Appendix 6: Definitions of adverse events following immunisation
Notify any events that the reporter considers serious and which may be related
to the vaccine or vaccines administered. See Section 1.5.2, Adverse events
following immunisation.
Occurrence of a fluctuant or draining fluid-filled lesion at the site of injection,
with or without fever.
• Bacterial: purulent collection.
• Sterile abscess: no evidence of bacterial infection.
Acute flaccid paralysis [diagnosis must be made by a physician]
Acute onset of flaccid paralysis of one or more limbs following any vaccine.
Allergic reaction (generalised)
A non-anaphylactic, generalised reaction characterised by 1 or more symptoms
or signs of skin and/or gastrointestinal tract involvement WITHOUT respiratory
or cardiovascular involvement.
(NB. See also ‘Anaphylaxis’).
A rapidly evolving generalised multi-system allergic reaction characterised by
1 or more symptoms or signs of respiratory and/or cardiovascular involvement
AND involvement of other systems such as the skin or gastrointestinal tract.
• Respiratory: difficulty/noisy breathing, swelling of the tongue, swelling/
tightness in the throat, difficulty talking/hoarse voice, wheeze or
persistent cough.
• Cardiac: loss of consciousness, collapse, pale and floppy (babies),
Joint pain without redness or swelling.
Joint pain with redness and/or swelling.
Brachial neuritis
Pain in arm causing persisting weakness of limb on side of vaccination.
Any death of a vaccine recipient temporally linked to vaccination, where no
other clear cause of death can be established.
360 The Australian Immunisation Handbook 9th Editionppendices
Disseminated BCG
Disseminated infection occurring after BCG vaccination and confirmed by
isolation of Mycobacterium bovis BCG strain.
Encephalopathy [diagnosis must be made by a physician]
Encephalopathy is an acute onset of major neurological illness temporally
linked with vaccination and characterised by any 2 or more of the following 3
• seizures,
• severe alteration in level of consciousness or mental status (behaviour and/or
personality) lasting for 1 day or more, and/or
• focal neurological signs which persist for 1 day or more.
Encephalitis [diagnosis must be made by a physician]
Encephalitis is characterised by the above-mentioned symptoms and signs
of cerebral inflammation and, in many cases, CSF pleocytosis and/or virus
Extensive limb swelling
Swelling of the limb, with or without redness, which:
• extends from the joint above to the joint below the injection site, or beyond a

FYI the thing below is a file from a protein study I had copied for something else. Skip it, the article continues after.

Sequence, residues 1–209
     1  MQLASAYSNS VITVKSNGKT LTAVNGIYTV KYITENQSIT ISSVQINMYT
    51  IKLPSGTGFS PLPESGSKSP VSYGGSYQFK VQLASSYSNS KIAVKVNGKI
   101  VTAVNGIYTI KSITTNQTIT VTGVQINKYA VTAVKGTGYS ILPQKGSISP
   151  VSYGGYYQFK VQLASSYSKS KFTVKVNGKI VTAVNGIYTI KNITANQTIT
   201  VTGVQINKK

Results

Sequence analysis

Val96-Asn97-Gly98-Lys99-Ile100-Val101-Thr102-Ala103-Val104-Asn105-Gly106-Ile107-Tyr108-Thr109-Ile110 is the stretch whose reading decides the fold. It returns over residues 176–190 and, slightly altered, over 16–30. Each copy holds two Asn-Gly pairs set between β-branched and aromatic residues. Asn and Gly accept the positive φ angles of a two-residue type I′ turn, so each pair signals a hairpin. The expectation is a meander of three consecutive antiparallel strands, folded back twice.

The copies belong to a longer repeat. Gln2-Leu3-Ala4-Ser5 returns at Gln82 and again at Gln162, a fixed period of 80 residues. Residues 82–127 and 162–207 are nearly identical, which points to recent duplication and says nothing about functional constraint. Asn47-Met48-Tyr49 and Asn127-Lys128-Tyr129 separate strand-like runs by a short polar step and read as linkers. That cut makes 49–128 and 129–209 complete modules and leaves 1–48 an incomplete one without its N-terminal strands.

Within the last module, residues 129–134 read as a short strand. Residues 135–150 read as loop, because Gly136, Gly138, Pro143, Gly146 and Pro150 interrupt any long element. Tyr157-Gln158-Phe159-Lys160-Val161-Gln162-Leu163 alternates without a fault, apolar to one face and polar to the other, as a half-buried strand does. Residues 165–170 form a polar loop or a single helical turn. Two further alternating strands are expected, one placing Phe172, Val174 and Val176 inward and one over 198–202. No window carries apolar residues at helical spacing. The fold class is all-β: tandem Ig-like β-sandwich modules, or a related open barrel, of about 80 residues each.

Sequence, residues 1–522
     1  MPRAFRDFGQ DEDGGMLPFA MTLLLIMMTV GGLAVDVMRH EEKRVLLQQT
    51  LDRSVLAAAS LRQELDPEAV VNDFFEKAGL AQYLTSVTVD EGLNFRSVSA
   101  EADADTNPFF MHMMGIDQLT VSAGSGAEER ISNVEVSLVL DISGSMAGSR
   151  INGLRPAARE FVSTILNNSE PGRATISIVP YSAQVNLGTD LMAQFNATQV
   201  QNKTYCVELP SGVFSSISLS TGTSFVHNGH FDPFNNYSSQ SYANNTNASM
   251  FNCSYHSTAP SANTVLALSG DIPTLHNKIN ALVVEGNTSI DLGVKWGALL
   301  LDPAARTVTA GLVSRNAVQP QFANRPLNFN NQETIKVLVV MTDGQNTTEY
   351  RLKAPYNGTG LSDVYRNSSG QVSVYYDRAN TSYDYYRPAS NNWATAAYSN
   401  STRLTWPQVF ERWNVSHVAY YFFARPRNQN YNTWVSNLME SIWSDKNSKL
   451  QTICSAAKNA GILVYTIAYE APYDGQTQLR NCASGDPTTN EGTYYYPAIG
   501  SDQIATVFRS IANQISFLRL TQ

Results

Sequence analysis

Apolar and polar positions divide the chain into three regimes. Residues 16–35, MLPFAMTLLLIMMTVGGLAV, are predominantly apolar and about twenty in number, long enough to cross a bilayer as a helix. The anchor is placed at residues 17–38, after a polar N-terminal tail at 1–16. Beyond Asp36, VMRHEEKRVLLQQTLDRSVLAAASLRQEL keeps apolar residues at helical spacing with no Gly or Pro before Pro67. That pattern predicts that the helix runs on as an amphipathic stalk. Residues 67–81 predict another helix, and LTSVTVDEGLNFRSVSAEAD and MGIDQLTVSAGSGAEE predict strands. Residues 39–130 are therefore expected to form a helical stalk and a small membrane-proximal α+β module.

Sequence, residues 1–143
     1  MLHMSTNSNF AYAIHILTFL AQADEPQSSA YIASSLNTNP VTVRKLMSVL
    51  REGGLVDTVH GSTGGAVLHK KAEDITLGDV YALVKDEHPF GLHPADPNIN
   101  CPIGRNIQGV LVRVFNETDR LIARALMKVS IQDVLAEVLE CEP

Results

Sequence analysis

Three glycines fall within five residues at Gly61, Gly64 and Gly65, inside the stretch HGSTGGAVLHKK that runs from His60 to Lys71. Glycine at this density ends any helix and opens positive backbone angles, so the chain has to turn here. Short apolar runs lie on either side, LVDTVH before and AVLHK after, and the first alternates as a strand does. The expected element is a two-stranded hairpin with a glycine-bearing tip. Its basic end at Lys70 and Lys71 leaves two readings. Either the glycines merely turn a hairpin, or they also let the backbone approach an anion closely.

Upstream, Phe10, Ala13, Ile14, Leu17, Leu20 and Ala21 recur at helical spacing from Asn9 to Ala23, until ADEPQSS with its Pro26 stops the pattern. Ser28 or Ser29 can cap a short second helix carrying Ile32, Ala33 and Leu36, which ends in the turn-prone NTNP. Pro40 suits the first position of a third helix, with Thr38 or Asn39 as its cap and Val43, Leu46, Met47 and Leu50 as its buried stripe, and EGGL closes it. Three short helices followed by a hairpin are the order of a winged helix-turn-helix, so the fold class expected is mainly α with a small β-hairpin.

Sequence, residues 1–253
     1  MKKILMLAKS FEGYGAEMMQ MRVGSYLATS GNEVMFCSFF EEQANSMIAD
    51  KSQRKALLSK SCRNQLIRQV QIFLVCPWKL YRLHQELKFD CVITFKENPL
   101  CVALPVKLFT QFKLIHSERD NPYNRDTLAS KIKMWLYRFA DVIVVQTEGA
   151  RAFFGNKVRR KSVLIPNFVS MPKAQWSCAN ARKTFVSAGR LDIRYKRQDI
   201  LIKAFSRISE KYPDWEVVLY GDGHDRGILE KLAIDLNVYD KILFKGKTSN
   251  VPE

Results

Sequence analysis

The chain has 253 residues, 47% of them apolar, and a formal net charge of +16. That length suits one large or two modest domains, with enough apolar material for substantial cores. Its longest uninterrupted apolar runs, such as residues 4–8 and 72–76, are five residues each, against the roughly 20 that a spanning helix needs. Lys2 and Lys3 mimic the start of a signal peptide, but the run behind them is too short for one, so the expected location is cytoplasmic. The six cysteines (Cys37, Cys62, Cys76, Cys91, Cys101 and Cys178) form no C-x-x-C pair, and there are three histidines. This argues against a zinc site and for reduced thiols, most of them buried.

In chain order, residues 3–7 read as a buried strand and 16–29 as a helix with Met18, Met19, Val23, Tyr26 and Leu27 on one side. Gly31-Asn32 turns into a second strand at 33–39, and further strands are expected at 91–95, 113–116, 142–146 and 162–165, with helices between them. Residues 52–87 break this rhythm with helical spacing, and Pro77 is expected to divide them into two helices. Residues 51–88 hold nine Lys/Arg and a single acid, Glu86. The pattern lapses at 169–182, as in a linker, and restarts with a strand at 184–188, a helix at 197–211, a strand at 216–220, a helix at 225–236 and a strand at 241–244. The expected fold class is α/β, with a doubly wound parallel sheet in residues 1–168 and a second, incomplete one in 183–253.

joint (above or below the injection site), orAppendix 6 361
Injection site reaction (severe)
Reaction (redness and/or swelling) at site of injection which:
• persists for more than 3 days AND is associated with ongoing symptoms
such as pain or an inability to use the limb (see ‘Brachial neuritis’ above), and
• does not fulfil the case definition for extensive limb swelling (see ‘Extensive
limb swelling’ above), or
• requires hospitalisation.
Intussusception [diagnosis must be made by a hospital physician]
The invagination of a proximal segment of bowel into the distal bowel lumen.
Lymphadenitis (includes suppurative lymphadenitis)
Occurrence of either:
• at least 1 lymph node, 1.5 cm in diameter or larger, or
• a draining sinus over a lymph node.
Meningitis [diagnosis must be made by a physician]
Acute onset of major illness with fever and often neck stiffness/positive
meningeal signs (Kernig, Brudzinski) and with CSF pleocytosis.
A discrete or well demarcated soft tissue mass or lump that is firm and is at the
injection site in the absence of abscess formation, warmth and erythema.
Swelling with pain and/or tenderness of testes.
Inflammation of the bone due to BCG vaccination.
Proven bacterial infection of bone.
Swelling and/or tenderness of parotid gland or glands.
Severe or unusual rash.
Screaming (persistent)
The presence of crying which is continuous and unaltered for longer than 3 hours.
Witnessed sudden loss of consciousness and generalised, tonic, clonic, tonicclonic,
or atonic motor manifestations.
• febrile seizures: with fever ≥38.5°C,
• afebrile seizures: without fever,
• syncopal seizures: syncope/vasovagal episode followed by seizure(s).
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Acute onset of severe, generalised illness due to bacterial infection and confirmed
by positive blood culture.
Subacute sclerosing panencephalitis [diagnosis must be made by a physician]
Degenerative central nervous system (CNS) condition with laboratory
confirmation of abnormal serum and CSF measles antibodies.
See ‘Vasovagal episode’.
Platelet count <50 x 109/L.
Toxic shock syndrome [diagnosis must be made by a physician]
Abrupt onset of fever, vomiting, watery diarrhoea and shock within a few hours
of vaccination as can be associated with other conditions listed here.
Vaccine-associated paralytic poliomyelitis
See ‘Acute flaccid paralysis’.
Vasovagal episode (syncope, faint)
Episode of pallor and unresponsiveness or reduced responsiveness or feeling
light headed AND
• occurring while vaccine being administered or shortly after (usually within
5 minutes), AND
• bradycardia, AND
• resolution of symptoms with change in position (supine position or head
between knees or limbs elevated).
(See Table 1.5.1 to distinguish from anaphylaxis).
Other severe or unusual events
Any unusual event that does not fit into any of the categories listed above, but
is of medical or epidemiological interest, should be reported with a detailed
description of the clinical features.
Report by telephone to State or Territory Health Department or notify by the blue
card to ADRAC (see Section 1.5.2, Adverse events following immunisation).
Note: The Brighton Collaboration is an international group considering definitions of adverse
events following immunisation. Its website is:

Appendix 6 of the Australian Immunisation